SAN FRANCISCO – San Quentin death row inmate and Crips street gang co-founder Stanley “Tookie” Williams has been nominated for the 2001 Nobel Peace Prize, a member of the Swiss parliament confirmed Saturday.
Parliament member Mario Fehr nominated Williams and said the inmate changed the lives of others through his series of children’s books and international peace efforts.
“I think he has done extraordinary work,” Fehr told The Associated Press in a telephone interview Saturday. “For these young kids that are in these street gangs, I think it is one of the only opportunities to get close to them. To get them out of the street gangs.”
Williams was said to be surprised by the nomination.
“He was positively stunned,” said Barbara Becnel, a journalist who edits Williams’ writings. “He was wide-eyed like a child and really excited and he was also very humbled by it.”
She broke the news of the nomination to Williams in person on a recent prison visit.
Williams, 46, and high school buddy Raymond Washington joined forces and created the Crips in 1971 as an alliance to combat rival gangs in east Los Angeles.
Washington was killed by his street adversaries in 1979. Williams, “Big Took” to his gang buddies, continued his violent ways, imposing his 300-pound heft on those who dared stand in his way and transforming the Crips into a statewide urban threat.
The lawless ways of Williams finally caught up to him in 1981 when he was convicted of killing four people. Now he spends his time behind bars authoring children’s books and coordinating an international peace effort for youths — all from the confines of his 9-by-4 cell.
Williams dictates his writings in 15-minute phone calls to Becnel. His first book was published in 1996 and he has published seven since.
His latest book is “Life In Prison,” a gritty first-person book targeted at sixth-graders. The work chronicles day-to-day life behind bars in San Quentin:
— “I have been locked up nearly 20 years, and every day of my incarceration I have been homesick. ... My homesickness even makes me feel sick to my stomach.”
— “It’s very humiliating to have guards watching us closely to make sure none of us is breaking the rules by touching, or being touched, too much.”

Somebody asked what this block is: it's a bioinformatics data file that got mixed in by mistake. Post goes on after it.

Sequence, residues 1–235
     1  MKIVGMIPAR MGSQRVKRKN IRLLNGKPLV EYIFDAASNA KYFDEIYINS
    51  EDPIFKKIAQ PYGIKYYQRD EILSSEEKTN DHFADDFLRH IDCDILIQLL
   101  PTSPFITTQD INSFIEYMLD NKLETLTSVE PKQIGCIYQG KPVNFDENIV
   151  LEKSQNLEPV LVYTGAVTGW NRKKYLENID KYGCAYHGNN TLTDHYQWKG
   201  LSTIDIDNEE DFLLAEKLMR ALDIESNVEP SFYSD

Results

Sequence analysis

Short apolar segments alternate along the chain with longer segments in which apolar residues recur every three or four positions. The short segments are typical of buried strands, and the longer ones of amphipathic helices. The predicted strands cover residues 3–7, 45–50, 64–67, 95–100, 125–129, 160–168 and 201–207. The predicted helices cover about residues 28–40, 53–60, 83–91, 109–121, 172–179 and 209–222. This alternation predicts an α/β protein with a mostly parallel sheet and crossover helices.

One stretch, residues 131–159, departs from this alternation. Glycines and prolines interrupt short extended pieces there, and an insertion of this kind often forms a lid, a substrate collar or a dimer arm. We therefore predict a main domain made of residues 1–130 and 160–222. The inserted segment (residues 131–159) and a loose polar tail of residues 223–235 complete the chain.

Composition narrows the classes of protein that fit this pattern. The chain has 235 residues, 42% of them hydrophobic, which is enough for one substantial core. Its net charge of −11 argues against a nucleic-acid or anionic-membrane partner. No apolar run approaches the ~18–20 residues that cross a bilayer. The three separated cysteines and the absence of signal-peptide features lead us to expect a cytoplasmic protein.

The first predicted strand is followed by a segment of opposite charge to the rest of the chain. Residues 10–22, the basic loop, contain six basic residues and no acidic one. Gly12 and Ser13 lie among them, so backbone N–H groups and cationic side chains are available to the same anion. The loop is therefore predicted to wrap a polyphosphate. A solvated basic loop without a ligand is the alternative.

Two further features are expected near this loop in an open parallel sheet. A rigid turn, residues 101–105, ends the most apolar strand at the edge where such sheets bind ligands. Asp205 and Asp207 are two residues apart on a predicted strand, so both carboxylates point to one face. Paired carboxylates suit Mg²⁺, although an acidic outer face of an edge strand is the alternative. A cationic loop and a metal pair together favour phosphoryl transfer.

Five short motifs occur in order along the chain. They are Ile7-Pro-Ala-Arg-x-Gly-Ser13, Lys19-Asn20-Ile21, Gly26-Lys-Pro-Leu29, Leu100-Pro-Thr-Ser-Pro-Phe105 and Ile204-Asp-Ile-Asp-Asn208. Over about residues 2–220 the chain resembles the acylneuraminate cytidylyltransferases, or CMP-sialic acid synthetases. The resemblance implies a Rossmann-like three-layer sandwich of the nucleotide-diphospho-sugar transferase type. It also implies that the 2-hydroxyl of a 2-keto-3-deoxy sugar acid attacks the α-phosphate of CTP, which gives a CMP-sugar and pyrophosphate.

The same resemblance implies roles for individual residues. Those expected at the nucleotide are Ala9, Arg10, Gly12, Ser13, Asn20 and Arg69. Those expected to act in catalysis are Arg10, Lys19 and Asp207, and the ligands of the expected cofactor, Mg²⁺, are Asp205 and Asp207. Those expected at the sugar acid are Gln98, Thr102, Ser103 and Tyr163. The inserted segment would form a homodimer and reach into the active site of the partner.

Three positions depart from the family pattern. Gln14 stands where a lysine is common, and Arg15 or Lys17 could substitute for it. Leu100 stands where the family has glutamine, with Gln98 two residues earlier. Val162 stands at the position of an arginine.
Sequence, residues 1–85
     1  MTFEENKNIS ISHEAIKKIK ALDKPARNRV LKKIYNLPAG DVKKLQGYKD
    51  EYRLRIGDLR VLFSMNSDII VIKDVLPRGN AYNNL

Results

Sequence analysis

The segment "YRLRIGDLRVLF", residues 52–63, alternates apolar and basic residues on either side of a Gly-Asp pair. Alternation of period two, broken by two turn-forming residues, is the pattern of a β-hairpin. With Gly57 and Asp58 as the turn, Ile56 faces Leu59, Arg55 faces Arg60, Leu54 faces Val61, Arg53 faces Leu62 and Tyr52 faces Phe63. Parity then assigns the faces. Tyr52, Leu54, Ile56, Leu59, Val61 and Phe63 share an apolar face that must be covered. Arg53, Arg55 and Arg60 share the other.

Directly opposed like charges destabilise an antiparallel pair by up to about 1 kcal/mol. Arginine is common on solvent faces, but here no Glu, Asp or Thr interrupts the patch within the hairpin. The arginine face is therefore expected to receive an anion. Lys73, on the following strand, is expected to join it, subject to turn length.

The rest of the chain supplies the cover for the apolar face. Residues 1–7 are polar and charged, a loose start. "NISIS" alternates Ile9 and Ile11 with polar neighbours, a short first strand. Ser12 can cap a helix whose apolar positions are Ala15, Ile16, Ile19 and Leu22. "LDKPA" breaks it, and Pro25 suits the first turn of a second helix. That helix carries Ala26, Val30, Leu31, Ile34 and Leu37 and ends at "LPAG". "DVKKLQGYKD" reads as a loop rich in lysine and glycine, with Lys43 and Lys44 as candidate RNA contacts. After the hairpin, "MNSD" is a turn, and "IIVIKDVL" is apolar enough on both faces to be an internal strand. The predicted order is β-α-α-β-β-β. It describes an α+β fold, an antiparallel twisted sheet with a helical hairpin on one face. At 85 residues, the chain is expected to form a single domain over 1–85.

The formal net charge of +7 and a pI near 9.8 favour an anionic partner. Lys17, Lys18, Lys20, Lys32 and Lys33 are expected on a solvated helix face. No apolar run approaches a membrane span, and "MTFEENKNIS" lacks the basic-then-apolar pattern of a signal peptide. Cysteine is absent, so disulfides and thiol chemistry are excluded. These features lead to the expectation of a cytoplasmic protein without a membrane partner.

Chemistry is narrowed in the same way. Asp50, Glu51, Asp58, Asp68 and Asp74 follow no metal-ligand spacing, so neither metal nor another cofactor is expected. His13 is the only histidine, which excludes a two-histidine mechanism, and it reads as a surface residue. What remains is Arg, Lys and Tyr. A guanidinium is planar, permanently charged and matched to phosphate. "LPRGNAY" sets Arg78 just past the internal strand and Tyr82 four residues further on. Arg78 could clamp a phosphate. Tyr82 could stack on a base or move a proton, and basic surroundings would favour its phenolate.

Williams also created the Internet Project for Street Peace, which links at-risk California and South African youths together through e-mail and chat rooms allowing them to share their experiences and transform their lives.
Abdulahi Mohamud uses the project in his work with Somali youths living in Switzerland. The Internet Project for Street Peace helps youths communicate with their counterparts in California who are trying to distance themselves from gang life. Mohamud applauded Williams’ efforts and was instrumental in getting him nominated for the esteemed prize.
“He’s a great man. We are happy to nominate him,” Mohamud said.
Winnie Madikizela-Mandela visited Williams last year and called the two hours she spent with the death row inmate the “highlight” of her trip to California.
A five-member awards committee gives no hints and never releases the names of peace prize nominees, only the number — a record 150 this year. However, those nominating others for the award often divulge choices in advance.
Members of national assemblies and governments, and members of the Inter-Parliamentary Union are among those persons entitled to nominate candidates. The 2001 Nobel Peace Prize will be awarded on Dec. 10, 2001.
Fehr said Williams’ violent past did not diminish his qualifications for the award.
“Everyone can change his life, no matter what mistakes someone has done,” Fehr said.